In this month’s Pulse article, Dr. Esson briefly reviews some more frequently encountered disorders associated with the lens. Some of these disorders includes Persistent Hyperplastic Tunica Vasculosa Lentis which represents a failure of the vascular supply to the developing lens to regress. This is commonly found in Doberman Pinchers and Greyhounds. To read more, check out February’s article.
Two successful Great Horned Owl surgeries at VOC today! Thank you to Dr Weldy & Dr Pokard (Serrano Animal and Bird Hospital) and Dr Palazzolo & Dr Wood (Long Beach Animal Hospital) and the future veterinary students for assisting Dr Esson during these owl eye surgeries. 🦉❤️🦉
What is glaucoma? In the video, Dr Esson describes canine glaucoma and different strategies for managing the disease.
First of all, the glaucomas represent a group of diseases which are generally associated with increased pressure inside the eye and the loss of vision due to nerve cell damage.
Just like people, dogs may be affected by many different forms of glaucoma, including… -Congenital = present at the time of birth. -Primary = generally in association with a hereditary predisposition for the development of elevated eye pressure. Although these changes typically take years to develop, the attack of the disease may occur acutely, sometimes within just a few hours. -Secondary = generally in association with changes and/or inflammation inside the eye such as luxation of the lens, chronic uveitis, retinal detachment, trauma and/or various types of cancer related diseases.
To add, there are different strategies for managing the glaucoma’s by accurately assessing the changes present, topical and/or systemic medical therapy or surgical intervention. Surgery typically encompasses either maximizing fluid drainage from the eye with some form of implantable drainage device OR reducing fluid production and inflammation in the eye using laser energy to destroy ciliary tissue.
Overall, the decisions regarding the type and timing of therapy and/or intervention vary from patient to patient. These decisions are most ideally made by experienced & qualified board-certified veterinary ophthalmologists.
In January’s Pulse article, Dr Esson discusses common uveal diseases in small animals. The uveal tract is composed of anterior and posterior tissues. These tissue’s contain components of “blood ocular barrier” which regulates the passage of protein into the aqueous humor. Some very common clinical presentations are infectious, inflammatory, metabolic, and neoplastic disease. To read more, click on the Pulse article link:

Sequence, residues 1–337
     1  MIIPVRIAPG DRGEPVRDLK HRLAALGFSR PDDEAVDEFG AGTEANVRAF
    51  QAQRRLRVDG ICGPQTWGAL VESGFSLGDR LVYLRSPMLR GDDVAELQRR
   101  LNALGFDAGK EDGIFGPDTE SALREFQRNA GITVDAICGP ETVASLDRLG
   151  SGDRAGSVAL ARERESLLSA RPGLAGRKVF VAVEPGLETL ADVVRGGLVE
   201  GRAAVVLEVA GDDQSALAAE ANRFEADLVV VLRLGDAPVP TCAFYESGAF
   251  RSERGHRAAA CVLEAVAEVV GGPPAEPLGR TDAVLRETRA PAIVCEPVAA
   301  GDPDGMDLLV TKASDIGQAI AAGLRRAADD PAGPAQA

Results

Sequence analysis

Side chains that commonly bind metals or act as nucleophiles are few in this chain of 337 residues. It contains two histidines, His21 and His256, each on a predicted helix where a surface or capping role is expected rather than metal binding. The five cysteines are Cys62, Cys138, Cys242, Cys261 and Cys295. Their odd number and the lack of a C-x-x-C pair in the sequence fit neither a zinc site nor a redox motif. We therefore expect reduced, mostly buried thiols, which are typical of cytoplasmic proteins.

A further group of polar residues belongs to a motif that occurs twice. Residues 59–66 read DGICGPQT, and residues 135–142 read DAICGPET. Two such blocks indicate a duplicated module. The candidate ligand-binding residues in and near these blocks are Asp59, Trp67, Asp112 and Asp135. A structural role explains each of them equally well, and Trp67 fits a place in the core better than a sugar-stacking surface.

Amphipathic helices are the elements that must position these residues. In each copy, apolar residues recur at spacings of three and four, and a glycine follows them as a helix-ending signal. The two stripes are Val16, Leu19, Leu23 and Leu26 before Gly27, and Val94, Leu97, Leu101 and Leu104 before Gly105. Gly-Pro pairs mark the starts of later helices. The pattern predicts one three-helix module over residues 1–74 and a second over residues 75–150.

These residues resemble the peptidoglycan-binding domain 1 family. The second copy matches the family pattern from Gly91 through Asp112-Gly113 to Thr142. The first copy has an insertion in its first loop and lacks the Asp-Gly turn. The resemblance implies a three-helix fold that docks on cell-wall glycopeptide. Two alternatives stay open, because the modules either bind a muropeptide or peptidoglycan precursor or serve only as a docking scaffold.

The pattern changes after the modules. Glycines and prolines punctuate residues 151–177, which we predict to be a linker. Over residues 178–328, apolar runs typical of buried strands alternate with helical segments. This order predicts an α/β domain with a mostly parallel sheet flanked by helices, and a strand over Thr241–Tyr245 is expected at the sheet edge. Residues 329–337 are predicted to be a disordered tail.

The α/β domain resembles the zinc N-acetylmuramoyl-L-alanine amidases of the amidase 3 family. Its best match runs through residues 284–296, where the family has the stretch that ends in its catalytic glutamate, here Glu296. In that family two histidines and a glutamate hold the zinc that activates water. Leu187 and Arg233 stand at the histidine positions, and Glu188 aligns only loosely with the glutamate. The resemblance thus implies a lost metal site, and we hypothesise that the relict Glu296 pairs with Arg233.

Southern California Veterinary Medical Association and Veterinary Ophthalmic Consulting lectured at The Citrus Café on Thursday, Jan 10th about ocular neoplasia. Many great referring veterinarians and RVT’s joined us for dinner and an interactive discussion about identifying and managing common eye related tumors.
The VOC technicians pride themselves in the care they provide to our surgical patients. Team members are compassionate, qualified & experienced, treating every pet that comes into VOC as though it was their own. Making the our patients feel loved and cared for, especially after having eye surgery, is an essential part of the recovery process.
In December’s Pulse article, Dr Esson discusses common scleral abnormalities in small animals. A dermoid represents an area of normal haired skin in an abnormal location of the eye. The commonly affected breeds include the German Shepherd, the Dachshund, and the St. Bernard. To read more, click on the Pulse article link: 112818 PULSE, December 2018_final 32112818 PULSE, December 2018_final 33
Enjoyed the company of 8 beautiful Australian Shephard puppies today, who all received their CERF eye certification from Dr Esson!
Are you interested in a CERF examination for your pet? OFA Eye Certification exams (previously “CERF” exams) are screening examinations performed by board certified veterinary ophthalmologists in order to identify changes within the eye(s) suggesting the presence of one or more of these diseases. Genetic diseases are those that are passed on from parent to offspring through genes that carry the codes for each specific trait. Many of the diseases and disorders that affect the eyes are associated with specific genetic factors and multiple eye diseases which affect dogs are known to exhibit evidence of a genetic or heritable cause. Certification is valid for 12 months from the date of the eye exam. Annual re-examination is recommended.
To schedule an OFA examination for one or more pets, please call the reception at 949-404-4100.